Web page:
LEGISLATION: Amended Labour Bills Could Lead to Job Cuts
Recent Gauteng Business News
GovernmentÂ’s proposals around equal pay fly in the face of job creation and could lead to job losses if implemented. This is according to John Botha, executive director for strategy at Production Management Institute (PMI), speaking from Johannesburg. Botha was responding to the acceptance by Cabinet of the Basic Conditions of Employment Amendment Bill and the Labour Relations Amendment Bill, which has triggered a flurry of reaction since the announcement at the end of March.
Â“The Department of Labour is proposing policies which are in direct contradiction to strategic national goals around job creation. The National Development Plan, the New Economic Growth Path and the National Skills Accord, signed last year by business, government and labour, all promulgate a more buoyant and receptive labour market that will drive labour intensive job creation,Â” Botha said.
Â“What government is proposing is a form of regulation of actual wages which interferes with the very rationale as to why collective bargaining exists Â– to negotiate better than minimums.Â”
Labour Laws for Equal Pay for Work of Equal Value
The proposed new labour laws planned to revise fixed term labour regulation and introduce the principle of equal pay for work of equal value after six months of employment.
Â“This is simply absurd because minimum legislated wages in South Africa are established under bargaining council agreements, sectoral determinations and the Basic Conditions of Employment Act.
Â“Any payment above that should be left to the market forces of supply and demand as well as to each company to determine how much it can afford given its business model. Effectively, equal pay includes benefits like pension and medical aid, which will shoot up payroll costs to such an extent that business will be totally deterred to employ.Â”
South AfricaÂ’s labour elasticity ratio is an alarmingly low 0,7%, which means that for every one percentage increase in employment cost there is a corresponding 0,7% decrease in the level of employment.
Â“If the ratio is applied, employment would decline by around 13% where this principle of equal pay is applied.
Is the Department of Labour Sincerely Prioritising Job Creation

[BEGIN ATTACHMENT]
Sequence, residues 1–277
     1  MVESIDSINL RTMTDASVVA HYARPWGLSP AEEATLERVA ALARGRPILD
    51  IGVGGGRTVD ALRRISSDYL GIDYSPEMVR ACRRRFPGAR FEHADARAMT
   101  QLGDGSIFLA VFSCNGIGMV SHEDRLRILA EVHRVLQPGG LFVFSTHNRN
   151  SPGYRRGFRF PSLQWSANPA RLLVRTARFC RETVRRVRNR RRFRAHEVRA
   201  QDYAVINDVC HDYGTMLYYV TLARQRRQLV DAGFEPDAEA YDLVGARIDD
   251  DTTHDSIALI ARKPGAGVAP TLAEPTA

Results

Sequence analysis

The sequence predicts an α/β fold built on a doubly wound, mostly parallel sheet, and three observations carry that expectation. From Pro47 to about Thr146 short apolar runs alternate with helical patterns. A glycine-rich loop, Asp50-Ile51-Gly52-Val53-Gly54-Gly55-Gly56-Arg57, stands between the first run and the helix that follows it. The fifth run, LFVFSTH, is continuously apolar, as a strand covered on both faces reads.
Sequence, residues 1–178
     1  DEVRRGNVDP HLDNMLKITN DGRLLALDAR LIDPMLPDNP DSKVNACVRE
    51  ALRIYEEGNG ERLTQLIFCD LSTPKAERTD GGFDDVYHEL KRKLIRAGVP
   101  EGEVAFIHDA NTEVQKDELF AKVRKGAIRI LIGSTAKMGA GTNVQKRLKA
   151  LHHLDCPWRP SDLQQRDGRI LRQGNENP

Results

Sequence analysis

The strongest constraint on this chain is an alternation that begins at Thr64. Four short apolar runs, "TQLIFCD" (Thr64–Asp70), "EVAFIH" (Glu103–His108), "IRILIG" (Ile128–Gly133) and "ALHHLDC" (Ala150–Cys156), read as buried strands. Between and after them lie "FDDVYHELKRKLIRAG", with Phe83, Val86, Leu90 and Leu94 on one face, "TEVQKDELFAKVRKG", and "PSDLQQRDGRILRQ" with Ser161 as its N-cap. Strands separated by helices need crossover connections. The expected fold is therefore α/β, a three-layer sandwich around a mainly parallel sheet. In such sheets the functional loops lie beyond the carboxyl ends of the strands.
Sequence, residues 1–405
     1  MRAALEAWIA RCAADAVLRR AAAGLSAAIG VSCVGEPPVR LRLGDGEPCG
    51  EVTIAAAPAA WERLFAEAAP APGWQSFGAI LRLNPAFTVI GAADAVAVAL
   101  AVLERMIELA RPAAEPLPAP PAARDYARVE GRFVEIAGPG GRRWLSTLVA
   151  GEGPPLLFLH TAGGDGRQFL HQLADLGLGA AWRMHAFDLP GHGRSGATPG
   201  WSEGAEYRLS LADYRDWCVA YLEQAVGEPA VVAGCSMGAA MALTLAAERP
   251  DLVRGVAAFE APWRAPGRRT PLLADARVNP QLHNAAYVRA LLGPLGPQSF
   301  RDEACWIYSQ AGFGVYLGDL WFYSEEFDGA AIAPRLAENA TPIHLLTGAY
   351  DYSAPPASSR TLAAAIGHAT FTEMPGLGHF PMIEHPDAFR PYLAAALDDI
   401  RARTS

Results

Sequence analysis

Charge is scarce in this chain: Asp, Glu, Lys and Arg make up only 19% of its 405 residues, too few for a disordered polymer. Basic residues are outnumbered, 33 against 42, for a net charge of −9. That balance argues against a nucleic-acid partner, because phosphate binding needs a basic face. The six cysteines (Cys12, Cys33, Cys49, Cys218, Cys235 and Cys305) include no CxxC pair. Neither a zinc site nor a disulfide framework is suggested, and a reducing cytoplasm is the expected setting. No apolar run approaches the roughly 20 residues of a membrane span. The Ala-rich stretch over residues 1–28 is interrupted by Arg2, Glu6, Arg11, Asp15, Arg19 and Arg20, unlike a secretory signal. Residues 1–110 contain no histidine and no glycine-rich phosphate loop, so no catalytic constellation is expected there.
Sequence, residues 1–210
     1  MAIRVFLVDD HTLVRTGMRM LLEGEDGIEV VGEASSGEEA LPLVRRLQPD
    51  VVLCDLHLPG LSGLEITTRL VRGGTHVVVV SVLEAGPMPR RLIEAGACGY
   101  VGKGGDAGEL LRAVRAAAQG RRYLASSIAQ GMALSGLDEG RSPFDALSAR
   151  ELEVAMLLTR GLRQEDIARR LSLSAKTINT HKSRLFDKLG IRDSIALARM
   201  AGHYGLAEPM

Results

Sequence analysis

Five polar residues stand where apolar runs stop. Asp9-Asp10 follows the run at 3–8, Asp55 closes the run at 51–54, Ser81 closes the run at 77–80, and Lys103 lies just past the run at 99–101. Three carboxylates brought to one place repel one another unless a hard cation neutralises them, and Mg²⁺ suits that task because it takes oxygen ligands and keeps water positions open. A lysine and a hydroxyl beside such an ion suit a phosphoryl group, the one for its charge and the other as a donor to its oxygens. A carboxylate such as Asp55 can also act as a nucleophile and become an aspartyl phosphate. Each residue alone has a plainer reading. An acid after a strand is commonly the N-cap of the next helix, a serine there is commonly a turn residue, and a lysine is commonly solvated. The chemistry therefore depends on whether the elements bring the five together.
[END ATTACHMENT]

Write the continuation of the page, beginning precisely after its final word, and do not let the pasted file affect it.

Botha cited a paper published this month by the International Monetary Fund on employment trends in South Africa. Â“This report points to the fact that the rapid growth of the real wage has outpaced labor productivity growth in most sectors, and played an important part in hampering employment creation.
Â“One must therefore ask if the Department of Labour and the unions are sincerely prioritising job creation, given especially their opposition to a youth employment subsidy that estimates reveal could create in excess of 400 000 jobs in three years.
Â“Government is proposing a form of regulation of actual wages Â– a policy that interferes with the rationale of the fact that collective bargaining exists to negotiate better than minimum remuneration.Â”
He emphasised that the Labour Relations Amendment Bill contained very little that benefited business and offered little hope for job creation.
Botha says equal pay becomes even more complex because of Â“highly subjectiveÂ” pay determinants like merit, performance, experience, length of service, highest qualification, level on the National Qualifications Framework and whether the candidate was on a formal career and succession path.
He maintained that the problem was compounded by a misunderstanding of the Â“equal pay for work of equal value conceptÂ”, partly since several possible interpretations existed for each of the words in question. Did the word Â“payÂ”, for example, mean basic pay, remuneration or cost to companyÂ‘
The Labour Relations Amendment Bill also introduces a new measure "to create more flexibility for employers in dealing with the dismissal of high-earning employees" earning more than R1m a year.
Says Botha: Â“This is firstly a very poor Â“concessionÂ” as it is in fact meaningless in the bigger picture. Also, it will never hold as it would be counter the Constitutional Right to fair labour practices.Â”
On the demand-side front, Botha pinpointed factors as tempering the demand for labour:
Â· an overregulated and inflexible labour market;
Â· an unreliable workforce prone to militant strike action; and
Â· wage inflation decoupled from labour productivity gains.
Â“Labour is effectively pricing itself out of the market. To ignore this phenomenon and the simple economic laws of supply and demand will have a profound effect on governmentÂ’s ability to achieve its employment target of 5-million jobs by 2020.
Â“Clearly, a far greater emphasis needs to be placed on stimulating the demand for labour. Simply put, labour needs to make itself more attractive to employers.Â”
Botha contended that while the SME sector offered the biggest potential for job creation, initiatives designed to stimulate the sector were largely Â“superficialÂ”.
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